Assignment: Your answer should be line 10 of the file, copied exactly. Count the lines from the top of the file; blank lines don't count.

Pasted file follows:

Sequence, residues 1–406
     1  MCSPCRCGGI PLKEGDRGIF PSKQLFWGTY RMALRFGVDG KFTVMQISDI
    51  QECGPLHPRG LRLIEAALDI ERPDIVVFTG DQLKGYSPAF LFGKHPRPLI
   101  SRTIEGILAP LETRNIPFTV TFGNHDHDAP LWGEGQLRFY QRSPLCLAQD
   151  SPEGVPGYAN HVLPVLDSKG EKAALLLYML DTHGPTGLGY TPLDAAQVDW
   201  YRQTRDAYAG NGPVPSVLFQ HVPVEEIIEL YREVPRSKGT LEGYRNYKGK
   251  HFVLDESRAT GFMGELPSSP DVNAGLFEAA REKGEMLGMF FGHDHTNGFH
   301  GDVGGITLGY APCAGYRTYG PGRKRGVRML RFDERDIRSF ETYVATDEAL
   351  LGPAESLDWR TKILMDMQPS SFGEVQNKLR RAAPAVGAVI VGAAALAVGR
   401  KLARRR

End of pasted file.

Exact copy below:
   401  KLARRR